Climate and Environmental challenges and opportunities
The Greenwheel Insights team provide thematic sustainability research to our investment teams to help shape their thinking on key themes or holdings within their portfolios. In this piece, commissioned by Redwheel’s Global Equity Income team, Stephanie Kelly highlights the key issues investors should consider in the Fast Fashion Industry and Nick Clay explains how the research has informed their views on some of their fashion holdings.
Stephanie Kelly, Head of Greenwheel
Fashion accounts for an estimated 10% of global carbon emissions, which is more than the emissions of the shipping and airline industry combined. Fast fashion, defined as ‘inexpensive clothing produced rapidly by mass-market retailers in response to the latest trend’, is heavily criticised for driving these emissions through a combination of high volumes and material choice. Relatedly, the environmental impacts of fashion are profound in terms of water use, microplastics and the use of synthetic dyes and chemicals in textile production.
Unsurprisingly, fast fashion companies have been under pressure in recent years to show commitment to greater sustainability. While much is said by companies about their commitment, it is important to dig deeper to evaluate the true sustainability credentials of these firms.
The key drivers of emissions and environmental damage in this sector are:
• Materials: Producing clothes can vary significantly in terms of environmental footprint. Key factors to look out for in terms of climate and environment impacts include:
• Energy inputs to production
• Land use/management
• Crop yield
• Water & chemical use.
• Volumes: The fundamental challenge for fast fashion in the context of sustainability is the high volumes of goods produced and distributed. Ever higher volumes of product limit the potential cuts to emissions and environment improvements.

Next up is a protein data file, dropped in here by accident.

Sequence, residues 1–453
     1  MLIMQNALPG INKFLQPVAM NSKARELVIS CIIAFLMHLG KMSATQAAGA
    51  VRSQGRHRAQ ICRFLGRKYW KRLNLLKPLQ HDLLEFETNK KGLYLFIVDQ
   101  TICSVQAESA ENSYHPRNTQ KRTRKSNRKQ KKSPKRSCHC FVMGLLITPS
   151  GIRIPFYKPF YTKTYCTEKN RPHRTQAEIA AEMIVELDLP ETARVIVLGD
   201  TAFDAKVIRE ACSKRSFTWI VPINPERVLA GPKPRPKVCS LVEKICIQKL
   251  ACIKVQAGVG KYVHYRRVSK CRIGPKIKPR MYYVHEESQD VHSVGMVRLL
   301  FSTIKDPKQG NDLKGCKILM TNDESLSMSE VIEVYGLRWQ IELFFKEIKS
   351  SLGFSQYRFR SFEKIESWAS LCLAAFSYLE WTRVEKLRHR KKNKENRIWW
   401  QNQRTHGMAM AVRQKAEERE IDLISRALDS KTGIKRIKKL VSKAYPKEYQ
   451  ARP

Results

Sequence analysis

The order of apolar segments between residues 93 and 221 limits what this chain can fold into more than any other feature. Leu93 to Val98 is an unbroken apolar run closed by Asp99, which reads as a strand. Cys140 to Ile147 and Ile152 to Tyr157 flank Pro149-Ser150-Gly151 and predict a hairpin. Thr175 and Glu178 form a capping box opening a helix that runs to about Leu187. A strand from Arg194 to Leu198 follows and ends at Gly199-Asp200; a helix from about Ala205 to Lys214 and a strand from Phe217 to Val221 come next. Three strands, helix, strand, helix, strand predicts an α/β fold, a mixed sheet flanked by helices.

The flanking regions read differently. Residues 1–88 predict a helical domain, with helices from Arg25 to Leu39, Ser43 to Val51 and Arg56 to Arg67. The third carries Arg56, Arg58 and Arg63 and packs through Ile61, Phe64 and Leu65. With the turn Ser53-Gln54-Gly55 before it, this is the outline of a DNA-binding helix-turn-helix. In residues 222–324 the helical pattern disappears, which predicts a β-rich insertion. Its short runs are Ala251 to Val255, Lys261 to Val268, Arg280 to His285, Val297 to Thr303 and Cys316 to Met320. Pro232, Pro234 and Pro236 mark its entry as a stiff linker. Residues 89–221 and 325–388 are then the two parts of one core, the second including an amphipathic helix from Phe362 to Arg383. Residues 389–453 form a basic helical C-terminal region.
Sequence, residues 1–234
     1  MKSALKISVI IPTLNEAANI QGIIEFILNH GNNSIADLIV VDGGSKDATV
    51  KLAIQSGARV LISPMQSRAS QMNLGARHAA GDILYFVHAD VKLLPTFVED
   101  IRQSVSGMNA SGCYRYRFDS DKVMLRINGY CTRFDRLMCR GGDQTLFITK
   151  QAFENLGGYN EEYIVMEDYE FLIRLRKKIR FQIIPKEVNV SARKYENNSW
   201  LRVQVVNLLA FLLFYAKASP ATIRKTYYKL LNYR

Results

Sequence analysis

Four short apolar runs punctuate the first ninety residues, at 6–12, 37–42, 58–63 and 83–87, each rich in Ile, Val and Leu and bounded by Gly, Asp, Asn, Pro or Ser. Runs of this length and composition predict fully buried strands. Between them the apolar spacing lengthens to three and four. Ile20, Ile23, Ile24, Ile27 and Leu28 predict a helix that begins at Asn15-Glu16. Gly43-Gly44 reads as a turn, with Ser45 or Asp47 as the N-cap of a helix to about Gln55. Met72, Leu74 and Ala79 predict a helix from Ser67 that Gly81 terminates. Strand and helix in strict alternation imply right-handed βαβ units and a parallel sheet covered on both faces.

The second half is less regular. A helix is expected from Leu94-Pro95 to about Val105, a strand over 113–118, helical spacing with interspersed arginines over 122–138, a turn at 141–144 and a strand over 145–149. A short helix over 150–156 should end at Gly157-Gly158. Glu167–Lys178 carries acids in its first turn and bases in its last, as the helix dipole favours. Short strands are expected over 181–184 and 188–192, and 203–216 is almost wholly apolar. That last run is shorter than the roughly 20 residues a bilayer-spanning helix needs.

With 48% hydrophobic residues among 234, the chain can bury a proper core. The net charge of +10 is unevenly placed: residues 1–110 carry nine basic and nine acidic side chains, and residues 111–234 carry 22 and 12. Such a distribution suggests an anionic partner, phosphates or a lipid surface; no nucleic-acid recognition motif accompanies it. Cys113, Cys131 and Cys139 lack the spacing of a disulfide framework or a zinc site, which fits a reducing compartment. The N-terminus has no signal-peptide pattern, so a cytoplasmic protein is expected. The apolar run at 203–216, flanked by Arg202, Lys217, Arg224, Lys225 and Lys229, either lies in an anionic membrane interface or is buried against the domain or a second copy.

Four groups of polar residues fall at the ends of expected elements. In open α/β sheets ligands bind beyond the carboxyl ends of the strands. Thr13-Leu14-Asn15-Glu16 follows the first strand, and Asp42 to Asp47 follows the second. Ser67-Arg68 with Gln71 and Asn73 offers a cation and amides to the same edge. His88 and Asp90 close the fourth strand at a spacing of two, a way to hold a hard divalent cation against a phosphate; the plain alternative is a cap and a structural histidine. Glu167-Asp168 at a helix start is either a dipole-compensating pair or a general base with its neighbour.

• Lifecycle: Related to the issue of volumes and material choice, the life cycle of textiles is an important component of sustainability. With high volumes of textiles being pumped out, the average life span of a high street garment is claimed to be just seven wears. The natural corollary of this is huge volumes of textile waste going to landfill or incineration, not to mention massive resource depletion.
Nick Clay, Head of Global Equity Income, Redwheel
The input of the Greenwheel team into our understanding of the complexities of the environmental challenges that face our fast fashion companies has been insightful, educating on the nuances of each issue and has aided in the structuring of an engagement plan and ongoing monitoring with respect to our holdings.
Our central view has always been one where a solution to the life cycle impacts of fashion is both necessary and achievable, rather than the solution being fashion cycles cease to exist. The strategy has always looked to invest in those companies able to transition through their ESG challenges and demonstrate that they are doing so. The greater depth of understanding of the challenges faced, highlighted by Greenwheel, has demonstrated the importance of our flags to monitor the progress the companies are making.
Two examples are Inditex and H&M. Inditex continue to demonstrate their desire to be a leader in reaching a closed loop system to deliver its fast fashion. Investing EUR1.1bn per year in order to achieve this along with its collaborations with recycling textile companies (such as Infinited Fiber Company) and recent “resell, repair or donate” programs are all evidence of progress. Greenwheel correctly point out how much more needs to be done for Inditex and are advising on metrics to monitor the impact of their initiatives, but Inditex are exhibiting the characteristics we look for.
H&M, on the other hand, have demonstrated that the continued pressure being placed upon the company from the high inventories and China setbacks, has led to them cutting back on investment required for them to transition in a similar vain to Inditex. This is a warning flag to us, as the transition required is absolutely necessary if these companies are to be the ultimate winners in the new future of fast fashion. We had the opportunity to sell H&M and switch into Inditex, and some others such as Kering (another strong improver in its ESG challenges) to improve our likelihood of transitioning the ESG challenges faced whilst not having to pay a higher valuation for doing so. This is an ongoing process over many years, and one we look forward to engaging and monitoring with Greenwheel by our side.
Please download the full research paper here.
 European Parliament: The impact of textile production and waste on the environment.
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